But as a director, your job should be to discuss the solutions you like with your producer, UPM, AD, and anyone else that you would need to confer with, and let them figure out who is going to handle it. You personally shouldn't have to make those calls, even on a small set with a skeleton crew because if you are already on set, then you have an obligation to the actors and the crew waiting to shoot something. So figure out what you can do with what you have. And most of all, do your best to REMAIN CALM AND UPBEAT. Cast and crew feed off of your energy- whether it is positive or negative, and you will get back exactly what you put out. If you have a defeatist attitude, so will everyone else. If you act more like Braveheart, and have rallying cries, act confident about having a solution even if you are as insecure as can be, everyone will have confidence and trust in you. And THAT is how you get through this.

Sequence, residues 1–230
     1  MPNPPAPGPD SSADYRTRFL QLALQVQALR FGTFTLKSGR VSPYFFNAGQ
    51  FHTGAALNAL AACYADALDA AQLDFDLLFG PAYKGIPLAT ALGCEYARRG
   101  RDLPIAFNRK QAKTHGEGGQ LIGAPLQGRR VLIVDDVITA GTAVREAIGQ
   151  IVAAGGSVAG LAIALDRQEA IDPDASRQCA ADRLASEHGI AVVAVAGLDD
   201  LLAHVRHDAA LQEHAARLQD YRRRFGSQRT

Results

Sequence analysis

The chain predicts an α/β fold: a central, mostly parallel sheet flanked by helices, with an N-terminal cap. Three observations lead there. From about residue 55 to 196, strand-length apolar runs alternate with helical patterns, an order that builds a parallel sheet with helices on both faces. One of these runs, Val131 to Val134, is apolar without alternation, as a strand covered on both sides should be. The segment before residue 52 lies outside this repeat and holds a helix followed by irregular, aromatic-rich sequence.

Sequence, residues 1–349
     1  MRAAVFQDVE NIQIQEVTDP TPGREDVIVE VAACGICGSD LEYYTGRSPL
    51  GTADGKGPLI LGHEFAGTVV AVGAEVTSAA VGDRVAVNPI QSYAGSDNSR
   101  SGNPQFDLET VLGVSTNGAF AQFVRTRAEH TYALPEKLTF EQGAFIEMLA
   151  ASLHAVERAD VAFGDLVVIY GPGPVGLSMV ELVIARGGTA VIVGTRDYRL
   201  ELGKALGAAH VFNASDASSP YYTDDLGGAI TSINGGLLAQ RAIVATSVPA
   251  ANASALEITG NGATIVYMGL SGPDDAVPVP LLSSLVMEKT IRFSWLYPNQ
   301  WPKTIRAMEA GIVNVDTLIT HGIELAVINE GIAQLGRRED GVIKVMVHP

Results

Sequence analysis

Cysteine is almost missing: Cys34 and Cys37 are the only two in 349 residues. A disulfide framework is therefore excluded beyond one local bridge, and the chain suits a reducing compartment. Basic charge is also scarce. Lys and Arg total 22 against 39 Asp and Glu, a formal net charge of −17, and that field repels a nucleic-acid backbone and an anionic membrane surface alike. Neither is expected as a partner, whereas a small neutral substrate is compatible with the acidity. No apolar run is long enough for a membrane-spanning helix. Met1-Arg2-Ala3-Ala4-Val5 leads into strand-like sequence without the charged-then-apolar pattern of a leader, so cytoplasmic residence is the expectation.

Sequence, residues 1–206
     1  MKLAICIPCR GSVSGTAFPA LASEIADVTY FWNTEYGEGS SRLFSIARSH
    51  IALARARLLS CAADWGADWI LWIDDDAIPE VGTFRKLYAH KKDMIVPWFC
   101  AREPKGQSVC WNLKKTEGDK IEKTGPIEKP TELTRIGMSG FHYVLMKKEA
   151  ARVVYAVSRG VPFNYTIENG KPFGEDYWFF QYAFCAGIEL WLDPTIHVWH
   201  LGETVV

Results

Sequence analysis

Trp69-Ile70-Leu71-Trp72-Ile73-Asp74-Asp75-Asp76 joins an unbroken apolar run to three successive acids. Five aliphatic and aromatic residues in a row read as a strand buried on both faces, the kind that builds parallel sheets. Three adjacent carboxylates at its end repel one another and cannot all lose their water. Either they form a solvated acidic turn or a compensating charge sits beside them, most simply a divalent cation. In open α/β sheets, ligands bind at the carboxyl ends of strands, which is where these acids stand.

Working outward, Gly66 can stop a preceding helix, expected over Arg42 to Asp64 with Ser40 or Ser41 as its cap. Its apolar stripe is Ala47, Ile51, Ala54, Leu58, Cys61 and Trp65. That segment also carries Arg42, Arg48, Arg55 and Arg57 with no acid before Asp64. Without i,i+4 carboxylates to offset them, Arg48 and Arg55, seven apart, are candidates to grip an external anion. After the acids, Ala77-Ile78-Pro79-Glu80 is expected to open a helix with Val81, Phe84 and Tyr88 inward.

And last but not least, if it is a small role, and you can afford to do it, you can always stick someone from your crew in the spot. Or, do pickups or reshoots later. And if those aren't options, look at how you can re-work elements of the script to cut that character out. A one sided phone call with them? A moment for one characters introspection? A body double? There are all kinds of ways to get around this.
Don't panic, and be creative. And be FLEXIBLE.
50 FIRST TAKES
You know, that actor or actress that can barely remember their own name, much less a few lines written down on a piece of paper for them to say with emotion.
So, first, as in just about everything with dealing with challenging actors, you MUST do this- no matter how hard it may be to put your own frustrations aside- in order to keep balance and a happy set:
PUT YOURSELF IN THEIR SHOES.